when traveling becomes hard

I have overcome most of the challenges in my daily living, traveling

presents a whole new venue with it’s own set of challenges. My partner and I both have cerebral palsy and when we are taken into an environment such as a private home our physical limitations become apparent. Family holidays (to visit extended family) at this point have excluded each other because of accessibility.

We have aspirations of traveling together to far off lands, but accessibility in places can prove problematic. Its little things that frighten me most like the handling of my wheelchair; I have heard many  horror stories about chairs being damaged or all together deemed unusable after an airline has handled them. My chair isn’t exactly a prefab off the shop floor; in fact, the setting system is an exact mould of my shape to make sure proper posture despite a strong muscle tone!

I am thankful to mention that we are both manual chair users. I couldn’t imagine going on a trip to Europe only to remember that you forgot the electrical adaptor and can’t plug in your power wheelchair, I know people this has happened to.

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About lifeofthedifferentlyabled

Laura Forde founded her blog through my eyes: my life with cerebral palsy in December 2009 out of a great need she had, realizing that there was a vast gap in firsthand accounts of what life was like living with Cerebral Palsy: she knew then that the only way to see this reflected online was to create the change herself and thus this blog was born Laura was born four months premature, weighing a mere one pound three ounces and given ten percent odds for survival. She was diagnosed with cerebral palsy at the age of three. After graduating from college, she continued writing and doing what she loves to do most; speaking to groups about her life experiences and sharing what she has learned from her journey. Her blog lifeofthedifferentlyabled was created after discovering that the online community lacked the voice of people in her situation. In its first year, the site saw over 20,000 hits from all over the world. Her readers are from all walks of life; some with disabilities, parents of children, professionals, and others who seek to gain a better understanding of the world of the differently abled. You can follow her on Twitter or Facebook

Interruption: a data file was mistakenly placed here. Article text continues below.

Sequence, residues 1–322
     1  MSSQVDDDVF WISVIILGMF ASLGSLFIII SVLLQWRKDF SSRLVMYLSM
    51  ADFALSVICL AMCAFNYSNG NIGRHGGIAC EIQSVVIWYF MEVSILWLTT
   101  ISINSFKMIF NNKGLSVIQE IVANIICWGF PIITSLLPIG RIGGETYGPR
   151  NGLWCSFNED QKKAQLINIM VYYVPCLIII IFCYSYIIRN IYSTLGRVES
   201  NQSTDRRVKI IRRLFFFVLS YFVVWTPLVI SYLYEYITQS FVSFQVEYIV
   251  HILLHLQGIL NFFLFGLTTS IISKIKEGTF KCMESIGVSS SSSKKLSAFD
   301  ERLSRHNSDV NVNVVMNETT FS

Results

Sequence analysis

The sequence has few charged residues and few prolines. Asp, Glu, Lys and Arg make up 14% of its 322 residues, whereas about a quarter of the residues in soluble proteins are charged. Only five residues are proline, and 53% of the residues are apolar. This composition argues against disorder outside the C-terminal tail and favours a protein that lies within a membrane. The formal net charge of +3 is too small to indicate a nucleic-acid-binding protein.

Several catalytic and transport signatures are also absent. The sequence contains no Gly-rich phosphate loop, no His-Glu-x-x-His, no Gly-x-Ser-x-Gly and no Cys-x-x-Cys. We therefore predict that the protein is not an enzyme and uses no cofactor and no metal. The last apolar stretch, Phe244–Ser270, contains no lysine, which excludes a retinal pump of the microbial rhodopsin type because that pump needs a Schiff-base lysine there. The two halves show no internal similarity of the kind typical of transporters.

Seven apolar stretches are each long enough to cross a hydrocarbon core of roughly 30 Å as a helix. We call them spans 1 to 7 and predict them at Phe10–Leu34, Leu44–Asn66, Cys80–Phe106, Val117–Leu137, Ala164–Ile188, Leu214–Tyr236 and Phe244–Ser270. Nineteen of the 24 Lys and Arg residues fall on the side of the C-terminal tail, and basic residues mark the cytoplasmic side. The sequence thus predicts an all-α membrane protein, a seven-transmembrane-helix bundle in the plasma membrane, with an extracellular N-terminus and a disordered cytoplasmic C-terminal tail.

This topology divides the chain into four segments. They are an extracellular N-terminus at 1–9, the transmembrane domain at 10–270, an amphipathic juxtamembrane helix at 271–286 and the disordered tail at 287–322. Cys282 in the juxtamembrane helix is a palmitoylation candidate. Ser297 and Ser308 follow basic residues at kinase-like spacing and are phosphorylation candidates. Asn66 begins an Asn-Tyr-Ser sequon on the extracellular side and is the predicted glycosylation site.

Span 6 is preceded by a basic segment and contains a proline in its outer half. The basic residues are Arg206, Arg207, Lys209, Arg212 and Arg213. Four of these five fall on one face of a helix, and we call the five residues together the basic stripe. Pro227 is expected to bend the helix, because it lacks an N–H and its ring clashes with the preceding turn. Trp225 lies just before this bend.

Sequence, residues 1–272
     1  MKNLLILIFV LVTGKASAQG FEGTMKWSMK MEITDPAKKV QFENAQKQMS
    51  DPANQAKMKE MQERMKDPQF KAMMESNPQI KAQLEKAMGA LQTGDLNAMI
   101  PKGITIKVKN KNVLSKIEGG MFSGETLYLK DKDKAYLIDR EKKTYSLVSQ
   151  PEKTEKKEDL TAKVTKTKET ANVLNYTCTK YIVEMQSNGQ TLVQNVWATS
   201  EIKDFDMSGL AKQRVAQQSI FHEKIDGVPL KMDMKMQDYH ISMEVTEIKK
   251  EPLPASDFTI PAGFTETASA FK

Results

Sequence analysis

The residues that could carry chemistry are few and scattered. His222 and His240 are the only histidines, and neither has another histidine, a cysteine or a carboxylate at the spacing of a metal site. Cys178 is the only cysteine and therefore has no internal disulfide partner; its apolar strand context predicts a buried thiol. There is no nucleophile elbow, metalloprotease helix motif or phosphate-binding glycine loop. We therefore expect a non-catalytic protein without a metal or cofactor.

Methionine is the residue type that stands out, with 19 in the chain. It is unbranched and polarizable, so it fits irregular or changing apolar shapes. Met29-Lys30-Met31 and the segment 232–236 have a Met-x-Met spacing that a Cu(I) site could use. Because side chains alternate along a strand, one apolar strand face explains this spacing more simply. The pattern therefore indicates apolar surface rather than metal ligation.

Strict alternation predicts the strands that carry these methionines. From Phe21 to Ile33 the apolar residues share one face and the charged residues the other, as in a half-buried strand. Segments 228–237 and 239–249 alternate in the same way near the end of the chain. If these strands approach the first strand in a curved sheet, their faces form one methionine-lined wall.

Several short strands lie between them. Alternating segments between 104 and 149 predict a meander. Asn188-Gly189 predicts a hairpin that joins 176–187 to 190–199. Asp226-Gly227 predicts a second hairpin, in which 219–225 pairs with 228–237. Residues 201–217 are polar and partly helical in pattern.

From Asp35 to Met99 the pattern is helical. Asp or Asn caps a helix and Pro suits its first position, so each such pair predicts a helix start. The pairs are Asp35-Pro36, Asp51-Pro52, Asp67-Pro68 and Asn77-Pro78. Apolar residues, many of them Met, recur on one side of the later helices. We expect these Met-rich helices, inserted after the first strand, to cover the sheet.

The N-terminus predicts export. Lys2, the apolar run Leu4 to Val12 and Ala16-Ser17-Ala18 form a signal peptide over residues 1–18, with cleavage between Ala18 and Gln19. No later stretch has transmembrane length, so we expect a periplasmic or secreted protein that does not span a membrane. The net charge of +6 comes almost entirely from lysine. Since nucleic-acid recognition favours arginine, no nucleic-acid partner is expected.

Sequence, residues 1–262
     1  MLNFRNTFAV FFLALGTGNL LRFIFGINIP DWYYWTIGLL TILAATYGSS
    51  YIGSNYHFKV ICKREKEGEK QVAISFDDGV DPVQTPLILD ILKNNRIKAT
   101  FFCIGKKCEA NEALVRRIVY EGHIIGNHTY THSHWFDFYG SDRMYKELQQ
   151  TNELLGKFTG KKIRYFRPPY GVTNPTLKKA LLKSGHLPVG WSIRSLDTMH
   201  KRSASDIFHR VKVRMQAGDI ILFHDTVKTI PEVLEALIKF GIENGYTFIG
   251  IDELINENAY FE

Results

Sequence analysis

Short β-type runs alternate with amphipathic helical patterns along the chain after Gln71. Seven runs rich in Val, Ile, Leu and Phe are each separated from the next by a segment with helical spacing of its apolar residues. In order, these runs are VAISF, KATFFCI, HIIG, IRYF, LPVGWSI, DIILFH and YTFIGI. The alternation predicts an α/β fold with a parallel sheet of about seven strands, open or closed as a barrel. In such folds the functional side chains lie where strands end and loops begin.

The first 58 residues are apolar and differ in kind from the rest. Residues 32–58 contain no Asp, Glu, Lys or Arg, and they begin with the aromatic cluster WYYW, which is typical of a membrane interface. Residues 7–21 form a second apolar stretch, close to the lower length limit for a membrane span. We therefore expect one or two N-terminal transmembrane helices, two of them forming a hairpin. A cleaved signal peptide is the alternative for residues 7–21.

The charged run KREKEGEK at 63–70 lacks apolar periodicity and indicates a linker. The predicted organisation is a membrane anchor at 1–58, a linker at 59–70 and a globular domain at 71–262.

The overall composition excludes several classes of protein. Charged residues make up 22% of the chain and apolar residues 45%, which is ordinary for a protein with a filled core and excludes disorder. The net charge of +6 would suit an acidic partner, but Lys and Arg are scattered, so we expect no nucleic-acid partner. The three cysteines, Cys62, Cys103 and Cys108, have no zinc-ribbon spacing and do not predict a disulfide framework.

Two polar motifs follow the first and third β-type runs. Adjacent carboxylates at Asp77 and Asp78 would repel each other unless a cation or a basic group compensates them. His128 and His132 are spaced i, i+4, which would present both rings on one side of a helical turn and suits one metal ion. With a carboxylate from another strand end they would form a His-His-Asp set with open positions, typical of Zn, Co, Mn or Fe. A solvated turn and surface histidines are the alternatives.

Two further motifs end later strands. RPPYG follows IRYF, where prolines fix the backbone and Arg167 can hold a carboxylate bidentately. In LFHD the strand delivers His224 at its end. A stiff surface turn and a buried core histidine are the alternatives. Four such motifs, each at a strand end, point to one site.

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2 Responses to when traveling becomes hard

  1. Don’t worry too much about what could possibly happen. Take the precautions, but don’t focus too much on what can go wrong. Even if something does go wrong atleast you’ll have good anecdotes when you come back that you can look back on and laugh about them. Take the plunge, go see Europe and the World and don’t worry too much about the little things, because chances are they can be fixed before you get there.

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